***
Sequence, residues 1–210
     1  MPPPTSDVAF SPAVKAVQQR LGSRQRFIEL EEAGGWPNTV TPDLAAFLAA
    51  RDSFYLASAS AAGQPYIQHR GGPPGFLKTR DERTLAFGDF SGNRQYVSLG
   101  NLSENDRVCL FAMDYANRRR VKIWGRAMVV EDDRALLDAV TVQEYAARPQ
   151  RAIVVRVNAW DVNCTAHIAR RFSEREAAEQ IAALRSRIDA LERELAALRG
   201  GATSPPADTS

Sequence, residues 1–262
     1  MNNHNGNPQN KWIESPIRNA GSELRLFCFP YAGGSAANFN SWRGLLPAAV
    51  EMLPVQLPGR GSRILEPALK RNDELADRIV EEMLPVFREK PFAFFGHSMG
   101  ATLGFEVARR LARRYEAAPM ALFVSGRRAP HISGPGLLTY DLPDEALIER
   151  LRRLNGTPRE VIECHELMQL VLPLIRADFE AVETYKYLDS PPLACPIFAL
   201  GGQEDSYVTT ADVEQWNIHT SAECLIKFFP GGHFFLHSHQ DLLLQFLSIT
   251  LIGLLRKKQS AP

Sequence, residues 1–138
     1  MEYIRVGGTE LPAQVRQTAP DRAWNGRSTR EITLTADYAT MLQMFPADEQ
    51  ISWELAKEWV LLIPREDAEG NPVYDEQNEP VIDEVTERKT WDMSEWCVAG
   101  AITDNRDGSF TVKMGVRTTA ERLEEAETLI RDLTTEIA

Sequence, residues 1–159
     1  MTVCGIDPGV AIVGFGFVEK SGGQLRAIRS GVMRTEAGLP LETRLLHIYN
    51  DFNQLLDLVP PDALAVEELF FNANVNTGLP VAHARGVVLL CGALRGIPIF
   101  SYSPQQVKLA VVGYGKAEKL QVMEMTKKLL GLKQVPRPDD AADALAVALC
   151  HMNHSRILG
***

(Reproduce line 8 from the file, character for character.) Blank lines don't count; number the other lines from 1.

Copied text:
     1  MNNHNGNPQN KWIESPIRNA GSELRLFCFP YAGGSAANFN SWRGLLPAAV